face in other places, but we decided to
make a good rock record. I think it's the
most rock thing we've done so far."
Of course a CD is more than just
digital information on a plastic disc.
It's also visual information on glossy
paper. The consummate artists, the band
had important hands in that as well.

"Jim Coleman (the guy who runs CSC's
samples) and I basically went to walls
in the city and wrote on them with
chalk," related Tod. "Then we stuck
things (like animal skulls) to them. Phil
Puleo, the drummer, took all the pic-
tures. For the front and the back we had
somebody cut the letters out of metal
and then we showed a welding torch
through the letters. But that didn't re-
ally work out the way it was supposed
to." Well, it's the thought that counts.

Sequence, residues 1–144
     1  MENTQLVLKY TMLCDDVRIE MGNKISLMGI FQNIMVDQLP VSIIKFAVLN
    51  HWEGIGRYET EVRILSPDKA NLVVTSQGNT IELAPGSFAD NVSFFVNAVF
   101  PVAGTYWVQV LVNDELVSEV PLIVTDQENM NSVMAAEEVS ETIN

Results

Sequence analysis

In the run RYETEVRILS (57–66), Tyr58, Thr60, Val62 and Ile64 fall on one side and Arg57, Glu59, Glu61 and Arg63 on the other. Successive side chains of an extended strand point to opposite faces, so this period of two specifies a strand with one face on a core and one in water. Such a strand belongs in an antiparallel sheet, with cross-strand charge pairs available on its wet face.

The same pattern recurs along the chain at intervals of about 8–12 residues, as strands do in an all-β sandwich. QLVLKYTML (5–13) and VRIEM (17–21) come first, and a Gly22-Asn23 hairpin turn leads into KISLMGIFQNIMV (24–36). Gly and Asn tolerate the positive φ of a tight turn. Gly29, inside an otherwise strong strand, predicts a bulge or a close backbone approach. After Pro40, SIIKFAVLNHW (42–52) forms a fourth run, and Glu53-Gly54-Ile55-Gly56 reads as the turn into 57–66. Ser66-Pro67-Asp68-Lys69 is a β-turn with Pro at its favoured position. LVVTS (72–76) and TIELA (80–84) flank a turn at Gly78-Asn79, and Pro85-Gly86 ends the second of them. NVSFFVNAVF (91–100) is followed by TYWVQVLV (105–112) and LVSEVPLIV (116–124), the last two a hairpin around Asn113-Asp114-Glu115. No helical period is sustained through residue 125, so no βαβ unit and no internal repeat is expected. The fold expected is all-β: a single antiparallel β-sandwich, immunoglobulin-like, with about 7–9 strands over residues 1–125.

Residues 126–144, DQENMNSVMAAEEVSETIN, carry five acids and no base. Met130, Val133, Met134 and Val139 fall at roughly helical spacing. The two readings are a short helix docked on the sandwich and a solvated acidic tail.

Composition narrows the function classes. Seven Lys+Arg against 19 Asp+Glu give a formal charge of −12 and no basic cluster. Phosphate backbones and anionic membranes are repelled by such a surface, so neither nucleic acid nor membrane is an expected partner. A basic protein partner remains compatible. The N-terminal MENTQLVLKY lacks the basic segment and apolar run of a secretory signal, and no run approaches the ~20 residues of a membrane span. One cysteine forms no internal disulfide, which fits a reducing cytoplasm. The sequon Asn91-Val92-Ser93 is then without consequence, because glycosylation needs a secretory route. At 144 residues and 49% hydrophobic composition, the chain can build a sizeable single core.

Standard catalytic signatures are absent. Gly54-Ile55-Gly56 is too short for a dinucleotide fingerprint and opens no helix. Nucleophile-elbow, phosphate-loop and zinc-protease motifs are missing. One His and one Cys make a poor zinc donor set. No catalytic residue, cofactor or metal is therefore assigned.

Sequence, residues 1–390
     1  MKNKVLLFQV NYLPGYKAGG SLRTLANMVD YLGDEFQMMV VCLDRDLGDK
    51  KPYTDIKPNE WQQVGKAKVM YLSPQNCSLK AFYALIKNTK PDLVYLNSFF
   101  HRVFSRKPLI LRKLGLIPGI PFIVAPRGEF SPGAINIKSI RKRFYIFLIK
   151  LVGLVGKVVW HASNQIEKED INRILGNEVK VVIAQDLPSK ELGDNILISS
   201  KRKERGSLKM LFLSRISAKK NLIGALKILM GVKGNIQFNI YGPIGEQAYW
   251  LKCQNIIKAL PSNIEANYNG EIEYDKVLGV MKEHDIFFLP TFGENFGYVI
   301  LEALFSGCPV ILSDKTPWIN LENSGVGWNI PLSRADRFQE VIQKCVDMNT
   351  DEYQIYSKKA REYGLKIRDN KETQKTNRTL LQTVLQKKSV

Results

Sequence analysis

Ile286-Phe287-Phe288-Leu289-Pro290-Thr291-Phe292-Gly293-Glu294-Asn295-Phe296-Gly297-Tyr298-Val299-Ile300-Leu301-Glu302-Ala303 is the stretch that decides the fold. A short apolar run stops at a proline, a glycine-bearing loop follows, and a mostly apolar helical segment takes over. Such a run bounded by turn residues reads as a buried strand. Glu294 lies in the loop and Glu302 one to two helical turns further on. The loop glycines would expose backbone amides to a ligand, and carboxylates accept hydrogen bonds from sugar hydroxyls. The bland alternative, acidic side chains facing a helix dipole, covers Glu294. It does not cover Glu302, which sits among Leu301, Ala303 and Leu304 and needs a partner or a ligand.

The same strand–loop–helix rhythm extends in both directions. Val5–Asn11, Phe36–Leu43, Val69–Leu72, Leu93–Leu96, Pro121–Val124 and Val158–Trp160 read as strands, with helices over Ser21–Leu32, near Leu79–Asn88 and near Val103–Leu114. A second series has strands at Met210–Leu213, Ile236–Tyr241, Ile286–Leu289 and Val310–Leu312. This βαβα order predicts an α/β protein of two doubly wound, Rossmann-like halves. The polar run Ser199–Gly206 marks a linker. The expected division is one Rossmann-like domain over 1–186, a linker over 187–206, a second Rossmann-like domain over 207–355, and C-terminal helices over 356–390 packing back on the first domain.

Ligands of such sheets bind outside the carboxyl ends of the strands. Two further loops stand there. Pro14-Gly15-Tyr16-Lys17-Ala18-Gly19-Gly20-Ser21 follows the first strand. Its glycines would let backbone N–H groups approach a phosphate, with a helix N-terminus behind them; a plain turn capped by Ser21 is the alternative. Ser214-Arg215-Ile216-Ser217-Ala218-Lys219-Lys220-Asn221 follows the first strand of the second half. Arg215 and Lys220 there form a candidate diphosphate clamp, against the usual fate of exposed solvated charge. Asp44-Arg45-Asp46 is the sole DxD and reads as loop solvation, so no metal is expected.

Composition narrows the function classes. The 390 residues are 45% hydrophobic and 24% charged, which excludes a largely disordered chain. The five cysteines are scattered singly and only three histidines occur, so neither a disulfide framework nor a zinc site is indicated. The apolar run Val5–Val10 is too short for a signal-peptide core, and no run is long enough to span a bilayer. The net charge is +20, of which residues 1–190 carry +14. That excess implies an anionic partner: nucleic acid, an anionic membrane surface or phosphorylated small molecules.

At any rate, Cop Shoot Cop, along
with other fine New York bands like

jiSTED IN
JOIN
THE UNDERGRADUATE LAW CLUB
& help celebrate our 10th year!
Come to our table tomorrow at Law Day Wednesday,
Oct. 12 from 10 - 2 p.m. in the Michigan Union. OR
Visit our office hours Tuesdays & Thursdays 12-5 p.m.
Rm. 4121 in the Union. (DUES: $15)
Take a step in the right direction.
Practicing Pharm.D.'s discuss
Careerm Opions
for
Dctor of Phgtrmacv Cr nge

D
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10

"Peace Corps and AIDS Education:
Combating an International Epidemic"
Special Guest Speaker
Carol Bellamy, Peace Corps Director
Opening remarks given by Richard Cornell,
Acting Dean of the School of Public Health

Professor of

Guest Lecturer Arnold S. Monto, M.D.,
Epidemiology, Population Planning & International Health

THE DEVELOPINGWORLD HAS RECOGNIZED THE
URGENT NEED FOR AIDS AWARENESS AND
EDUCATION. PEACE CORPS VOLUNTEERS ARE
WORKING ON THE FRONT LINES IN THE FIGHT
AGAINST THIS EPIDEMIC IN THAILAND. MAL AWI
CAMEROON. AND THE CENTRAL AFRICAN
RE PUBLIC.